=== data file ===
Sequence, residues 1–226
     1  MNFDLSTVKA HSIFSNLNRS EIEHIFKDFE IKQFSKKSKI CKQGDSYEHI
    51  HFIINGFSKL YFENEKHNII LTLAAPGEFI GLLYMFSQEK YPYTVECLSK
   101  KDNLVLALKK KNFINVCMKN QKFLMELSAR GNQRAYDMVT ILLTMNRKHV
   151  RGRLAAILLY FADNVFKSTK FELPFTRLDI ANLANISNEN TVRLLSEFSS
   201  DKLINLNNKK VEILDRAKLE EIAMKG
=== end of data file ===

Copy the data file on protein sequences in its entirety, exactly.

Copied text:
Sequence, residues 1–226
     1  MNFDLSTVKA HSIFSNLNRS EIEHIFKDFE IKQFSKKSKI CKQGDSYEHI
    51  HFIINGFSKL YFENEKHNII LTLAAPGEFI GLLYMFSQEK YPYTVECLSK
   101  KDNLVLALKK KNFINVCMKN QKFLMELSAR GNQRAYDMVT ILLTMNRKHV
   151  RGRLAAILLY FADNVFKSTK FELPFTRLDI ANLANISNEN TVRLLSEFSS
   201  DKLINLNNKK VEILDRAKLE EIAMKG